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Satisfaction refers to a state of contentment in which one's perceived needs have been met. Satisfaction can be conceptualised as the congruence between a person and his/her social environment (Tessema, Ready & Yu, 2012). Satisfaction is a construct that has been widely researched in part due to its correlation with a work productivity (Edwards, 2009[1]), quality of work life, contentment with one’s job or profession, and general life satisfaction (Zelenski, Murphy, & Jenkins, 2008[2]).

References[edit | edit source]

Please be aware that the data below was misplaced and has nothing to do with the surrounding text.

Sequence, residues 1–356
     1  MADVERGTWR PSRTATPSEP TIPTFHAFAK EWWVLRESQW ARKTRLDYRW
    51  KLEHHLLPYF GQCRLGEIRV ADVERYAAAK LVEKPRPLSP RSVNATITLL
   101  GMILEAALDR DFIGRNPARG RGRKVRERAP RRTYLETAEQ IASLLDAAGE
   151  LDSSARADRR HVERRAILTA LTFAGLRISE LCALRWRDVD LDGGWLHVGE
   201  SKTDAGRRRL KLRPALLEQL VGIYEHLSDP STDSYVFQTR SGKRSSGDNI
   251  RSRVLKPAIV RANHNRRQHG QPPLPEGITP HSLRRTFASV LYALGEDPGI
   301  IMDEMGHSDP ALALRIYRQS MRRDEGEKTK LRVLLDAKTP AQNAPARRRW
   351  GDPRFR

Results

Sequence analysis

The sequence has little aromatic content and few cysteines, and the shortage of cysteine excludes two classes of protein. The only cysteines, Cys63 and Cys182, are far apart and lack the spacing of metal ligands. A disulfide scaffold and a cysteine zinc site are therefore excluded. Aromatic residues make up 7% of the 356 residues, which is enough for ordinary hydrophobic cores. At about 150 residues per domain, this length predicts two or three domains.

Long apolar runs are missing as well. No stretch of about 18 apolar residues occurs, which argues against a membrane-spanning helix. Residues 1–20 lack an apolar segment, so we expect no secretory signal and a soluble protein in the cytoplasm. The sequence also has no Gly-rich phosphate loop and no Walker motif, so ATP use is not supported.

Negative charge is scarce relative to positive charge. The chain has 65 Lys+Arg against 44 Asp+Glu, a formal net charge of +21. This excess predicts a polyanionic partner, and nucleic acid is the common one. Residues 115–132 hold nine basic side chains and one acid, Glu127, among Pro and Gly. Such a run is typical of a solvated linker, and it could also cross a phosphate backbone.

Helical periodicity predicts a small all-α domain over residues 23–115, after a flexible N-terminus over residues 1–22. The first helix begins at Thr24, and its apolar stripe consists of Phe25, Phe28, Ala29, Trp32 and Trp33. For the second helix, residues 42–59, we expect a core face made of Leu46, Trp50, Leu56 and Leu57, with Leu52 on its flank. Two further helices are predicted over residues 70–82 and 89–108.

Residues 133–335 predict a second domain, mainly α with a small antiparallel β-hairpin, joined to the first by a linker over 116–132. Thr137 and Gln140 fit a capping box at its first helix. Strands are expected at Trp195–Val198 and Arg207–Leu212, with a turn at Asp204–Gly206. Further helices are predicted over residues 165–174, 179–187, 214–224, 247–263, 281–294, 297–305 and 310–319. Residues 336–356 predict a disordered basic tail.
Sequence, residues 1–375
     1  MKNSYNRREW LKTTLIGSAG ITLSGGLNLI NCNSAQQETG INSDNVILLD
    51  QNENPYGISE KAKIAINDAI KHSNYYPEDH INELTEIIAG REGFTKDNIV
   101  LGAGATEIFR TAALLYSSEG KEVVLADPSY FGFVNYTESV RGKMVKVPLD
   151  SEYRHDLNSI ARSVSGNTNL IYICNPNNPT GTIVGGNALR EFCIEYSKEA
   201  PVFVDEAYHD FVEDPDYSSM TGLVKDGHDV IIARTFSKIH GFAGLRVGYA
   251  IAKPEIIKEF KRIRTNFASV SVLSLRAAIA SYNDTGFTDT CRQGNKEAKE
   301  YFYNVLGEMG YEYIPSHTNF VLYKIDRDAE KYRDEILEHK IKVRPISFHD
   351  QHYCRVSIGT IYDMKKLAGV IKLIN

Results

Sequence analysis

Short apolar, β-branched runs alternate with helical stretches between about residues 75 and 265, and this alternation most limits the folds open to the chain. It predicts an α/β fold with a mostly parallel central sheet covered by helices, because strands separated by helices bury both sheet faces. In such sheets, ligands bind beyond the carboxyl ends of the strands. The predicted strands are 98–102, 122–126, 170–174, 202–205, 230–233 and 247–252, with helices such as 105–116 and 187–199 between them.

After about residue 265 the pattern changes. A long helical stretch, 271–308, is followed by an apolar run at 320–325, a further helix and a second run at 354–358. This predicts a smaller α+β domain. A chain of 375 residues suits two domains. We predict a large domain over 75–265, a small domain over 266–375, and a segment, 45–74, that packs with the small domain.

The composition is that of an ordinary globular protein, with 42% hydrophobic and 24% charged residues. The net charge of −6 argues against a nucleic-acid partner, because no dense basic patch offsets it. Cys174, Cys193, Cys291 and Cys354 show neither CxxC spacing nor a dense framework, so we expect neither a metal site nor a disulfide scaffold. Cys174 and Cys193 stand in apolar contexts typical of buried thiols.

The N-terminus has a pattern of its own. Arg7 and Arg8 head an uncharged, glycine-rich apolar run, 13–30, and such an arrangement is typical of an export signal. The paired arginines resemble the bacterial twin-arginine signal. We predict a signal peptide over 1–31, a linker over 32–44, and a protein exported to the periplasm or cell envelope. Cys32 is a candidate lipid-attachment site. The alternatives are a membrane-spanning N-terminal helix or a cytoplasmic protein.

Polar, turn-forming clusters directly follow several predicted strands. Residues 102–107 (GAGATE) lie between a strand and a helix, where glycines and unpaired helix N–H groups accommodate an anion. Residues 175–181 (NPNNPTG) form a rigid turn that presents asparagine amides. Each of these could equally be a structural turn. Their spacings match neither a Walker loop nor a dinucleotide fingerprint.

1. Edwards, C. (2009). The pursuit of happiness (human resource management). Engineering and Technology, 4, 76-79.
  2. Zelenski, J.M., Murphy, S.A., & Jenkins, D.A. (2008). The happy-productive worker thesis revisited. Journal of Happiness Studies, 9, 521-537.
  1. Churchill, G., & Suprenant, C. (1982). An investigation into the determinants of consumer satisfaction. Journal of Marketing Research, 19, 491-504.
  2. Oliver, R. L., & DeSarbo, W. S. (1988). Response determinants in satisfaction judgements. Journal of Consumer Research, 14, 495-507.
  3. Tessema,-M. T.,-Ready, K., & Yu, W-C., (2012). Factors affecting college students’ satisfaction with major curriculum, International Journal of Humanities and Social Science, 2, 34-44.

See also[edit | edit source]